Saber Cut Survival Saw

Saber Cut The Saber Cut Survival Saw stores in what appears to have been originally designed as a molded foam-rubber eye glass case (3 x 6 1/4 x 1 3/4 inches). The molded foam-rubber case floats, even with the saw inside, if it is dropped in the water inadvertantly. If it wasn't so difficult to pack the saw back in the case, that might be a more appealing, if not exactly necessary, feature. A trap allows it to be attached to yoru belt. The saw weighs in at 4.05 oz. (115 grams), the case at 2.11 oz. (60 grams), for a total all-up weight of 6.16 oz. (175 grams). Length is 25 inches with 1 inch nylon webbing loops affixed permanently on either end. Price is $30.

Saber Cut case This saw more closely resembles a real chain saw with conventional, though small, links and chain saw style teeth. One of the things that we noticed immediately was that along the entire length there were only 11 teeth alternating sides along the length, 1 1/4 inches on center. Each alternating pair were facing opposite directions so it would cut on both strokes. Quite frankly, it looks odd, but it works and that's all that matters. The teeth saw a 1/4 inch cut in the wood. They could be sharpened with a chain saw file, if you know what you're doing.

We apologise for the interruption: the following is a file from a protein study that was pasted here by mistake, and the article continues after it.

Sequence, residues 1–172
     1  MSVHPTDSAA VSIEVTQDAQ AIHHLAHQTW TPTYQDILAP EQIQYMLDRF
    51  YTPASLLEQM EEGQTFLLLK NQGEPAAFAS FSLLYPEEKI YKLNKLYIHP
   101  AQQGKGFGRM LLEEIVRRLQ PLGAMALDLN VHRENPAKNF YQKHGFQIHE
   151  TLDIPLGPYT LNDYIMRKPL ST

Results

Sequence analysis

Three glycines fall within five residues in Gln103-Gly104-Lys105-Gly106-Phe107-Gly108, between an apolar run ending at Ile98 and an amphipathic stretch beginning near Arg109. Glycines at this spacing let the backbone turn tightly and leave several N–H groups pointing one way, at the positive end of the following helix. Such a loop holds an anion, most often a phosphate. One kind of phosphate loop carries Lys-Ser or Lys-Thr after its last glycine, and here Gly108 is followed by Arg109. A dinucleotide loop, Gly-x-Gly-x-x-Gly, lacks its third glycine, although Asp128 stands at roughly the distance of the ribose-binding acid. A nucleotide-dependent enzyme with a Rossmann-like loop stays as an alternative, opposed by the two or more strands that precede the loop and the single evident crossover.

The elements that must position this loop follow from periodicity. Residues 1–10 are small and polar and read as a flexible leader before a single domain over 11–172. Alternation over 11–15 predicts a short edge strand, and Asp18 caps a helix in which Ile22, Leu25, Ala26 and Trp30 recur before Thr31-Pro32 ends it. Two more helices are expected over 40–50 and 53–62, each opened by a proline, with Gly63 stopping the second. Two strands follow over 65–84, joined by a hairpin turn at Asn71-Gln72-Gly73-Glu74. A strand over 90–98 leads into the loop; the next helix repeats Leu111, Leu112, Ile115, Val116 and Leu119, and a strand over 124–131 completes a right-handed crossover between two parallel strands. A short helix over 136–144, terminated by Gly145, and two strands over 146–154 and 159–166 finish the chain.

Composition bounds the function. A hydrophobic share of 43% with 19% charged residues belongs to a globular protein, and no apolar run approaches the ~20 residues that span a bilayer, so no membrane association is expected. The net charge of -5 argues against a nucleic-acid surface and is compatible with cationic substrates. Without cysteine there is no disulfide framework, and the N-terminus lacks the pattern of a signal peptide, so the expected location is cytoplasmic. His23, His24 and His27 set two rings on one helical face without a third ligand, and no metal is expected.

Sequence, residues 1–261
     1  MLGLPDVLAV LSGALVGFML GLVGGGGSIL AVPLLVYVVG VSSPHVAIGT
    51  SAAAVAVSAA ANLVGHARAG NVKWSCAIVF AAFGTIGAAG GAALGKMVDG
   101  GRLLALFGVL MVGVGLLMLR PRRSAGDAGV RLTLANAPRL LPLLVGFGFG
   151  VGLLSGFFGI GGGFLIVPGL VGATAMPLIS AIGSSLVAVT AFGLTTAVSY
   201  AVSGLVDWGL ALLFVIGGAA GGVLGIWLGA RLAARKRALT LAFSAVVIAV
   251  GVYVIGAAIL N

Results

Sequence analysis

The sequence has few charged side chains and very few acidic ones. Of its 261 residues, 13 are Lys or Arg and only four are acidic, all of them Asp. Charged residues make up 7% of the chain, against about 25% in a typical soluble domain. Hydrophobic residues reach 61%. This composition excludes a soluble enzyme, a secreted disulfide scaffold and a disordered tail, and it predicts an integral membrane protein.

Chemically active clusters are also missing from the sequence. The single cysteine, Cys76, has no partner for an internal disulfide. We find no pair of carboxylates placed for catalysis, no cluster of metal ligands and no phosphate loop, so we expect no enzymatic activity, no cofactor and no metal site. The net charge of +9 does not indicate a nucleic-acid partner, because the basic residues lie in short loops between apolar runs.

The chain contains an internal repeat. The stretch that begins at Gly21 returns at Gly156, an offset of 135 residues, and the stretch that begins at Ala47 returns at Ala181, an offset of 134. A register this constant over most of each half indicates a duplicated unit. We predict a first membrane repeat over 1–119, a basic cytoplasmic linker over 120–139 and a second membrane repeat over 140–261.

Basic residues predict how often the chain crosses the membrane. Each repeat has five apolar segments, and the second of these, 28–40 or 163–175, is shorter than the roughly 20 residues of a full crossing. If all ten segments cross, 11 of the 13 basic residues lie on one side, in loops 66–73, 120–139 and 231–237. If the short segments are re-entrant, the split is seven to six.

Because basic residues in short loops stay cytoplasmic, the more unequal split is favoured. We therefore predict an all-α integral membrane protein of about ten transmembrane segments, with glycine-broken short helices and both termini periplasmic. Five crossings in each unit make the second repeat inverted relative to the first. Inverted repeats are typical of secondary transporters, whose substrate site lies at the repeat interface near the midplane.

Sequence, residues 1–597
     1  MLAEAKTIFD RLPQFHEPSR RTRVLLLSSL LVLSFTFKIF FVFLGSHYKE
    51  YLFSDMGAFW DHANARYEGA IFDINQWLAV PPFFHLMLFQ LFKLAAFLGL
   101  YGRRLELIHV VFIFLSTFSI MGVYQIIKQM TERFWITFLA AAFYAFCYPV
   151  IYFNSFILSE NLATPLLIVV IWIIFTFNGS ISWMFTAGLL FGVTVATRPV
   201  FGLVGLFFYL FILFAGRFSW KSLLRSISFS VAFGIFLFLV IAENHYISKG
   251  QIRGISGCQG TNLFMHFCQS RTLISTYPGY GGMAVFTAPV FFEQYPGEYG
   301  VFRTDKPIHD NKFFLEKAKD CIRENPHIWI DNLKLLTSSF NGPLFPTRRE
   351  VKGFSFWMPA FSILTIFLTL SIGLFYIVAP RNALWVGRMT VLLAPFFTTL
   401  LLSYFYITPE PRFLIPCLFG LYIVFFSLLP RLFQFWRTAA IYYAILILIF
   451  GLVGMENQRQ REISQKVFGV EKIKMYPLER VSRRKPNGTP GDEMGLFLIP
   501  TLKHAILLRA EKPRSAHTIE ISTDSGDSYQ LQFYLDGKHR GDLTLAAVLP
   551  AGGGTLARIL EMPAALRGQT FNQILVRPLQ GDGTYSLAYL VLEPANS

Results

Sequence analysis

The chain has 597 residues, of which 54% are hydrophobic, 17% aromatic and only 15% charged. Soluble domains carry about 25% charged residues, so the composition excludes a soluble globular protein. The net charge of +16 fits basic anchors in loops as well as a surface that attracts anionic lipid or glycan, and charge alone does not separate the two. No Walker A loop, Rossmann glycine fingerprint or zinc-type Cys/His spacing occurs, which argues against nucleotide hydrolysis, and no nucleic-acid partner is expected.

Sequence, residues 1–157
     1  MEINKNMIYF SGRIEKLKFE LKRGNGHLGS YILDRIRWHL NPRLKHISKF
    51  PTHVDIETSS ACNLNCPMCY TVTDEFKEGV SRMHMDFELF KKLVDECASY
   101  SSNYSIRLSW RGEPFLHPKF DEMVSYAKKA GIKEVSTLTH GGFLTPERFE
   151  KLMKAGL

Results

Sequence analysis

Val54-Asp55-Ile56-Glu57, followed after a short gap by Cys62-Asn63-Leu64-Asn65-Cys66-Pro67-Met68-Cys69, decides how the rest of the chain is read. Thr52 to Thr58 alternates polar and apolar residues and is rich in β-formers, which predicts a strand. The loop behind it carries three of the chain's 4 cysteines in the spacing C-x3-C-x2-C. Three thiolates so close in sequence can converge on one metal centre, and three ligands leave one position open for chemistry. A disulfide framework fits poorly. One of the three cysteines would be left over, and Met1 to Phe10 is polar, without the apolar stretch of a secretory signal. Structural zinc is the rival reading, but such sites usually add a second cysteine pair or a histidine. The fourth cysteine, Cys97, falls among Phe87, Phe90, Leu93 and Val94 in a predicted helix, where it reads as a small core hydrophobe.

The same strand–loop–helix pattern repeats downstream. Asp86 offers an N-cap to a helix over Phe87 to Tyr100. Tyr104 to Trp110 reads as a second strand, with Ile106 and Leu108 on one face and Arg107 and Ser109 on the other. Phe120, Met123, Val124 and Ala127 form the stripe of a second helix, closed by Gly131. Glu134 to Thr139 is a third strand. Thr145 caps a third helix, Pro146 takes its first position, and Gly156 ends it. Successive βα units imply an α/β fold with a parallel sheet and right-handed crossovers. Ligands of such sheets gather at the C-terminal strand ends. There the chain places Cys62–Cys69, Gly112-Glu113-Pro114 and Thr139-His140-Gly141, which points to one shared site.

Saber Cut teeth The links make this saw very flexible and easy to use. It handles fairly significant misalignment well. It cuts very fast and didn't clog once in our relatively limited tests. On smaller diameter branches, it starts to grab as the cut nears the end, but by then it's easy to finish it off by breaking or with a knife.

The handles are reasonably comfortable. It works well with two persons. No instructions were included with our sample.

It should be noted that more than a few woodsmen have cobbled together a saw similar to this from an old chain saw chain. Likely where the idea came from. The primary difference is that these will cut in only one direction. The price is right, but you'll have to spend the time putting handles on and all that, then it'll still cut only about half as fast.


Saw cases In a survival situation, a saw is a nice option. First priority is a pocket saw which can be very useful for a myriad of tasks. A larger saw, as reviewed here, is something of a luxury, but very handy to have. The less experienced the survivor, the more important such a saw becomes. If you are going to use such a saw, the ability to cut fast is an important criteria and the chain saw style saws are the fasted available, by a large margin.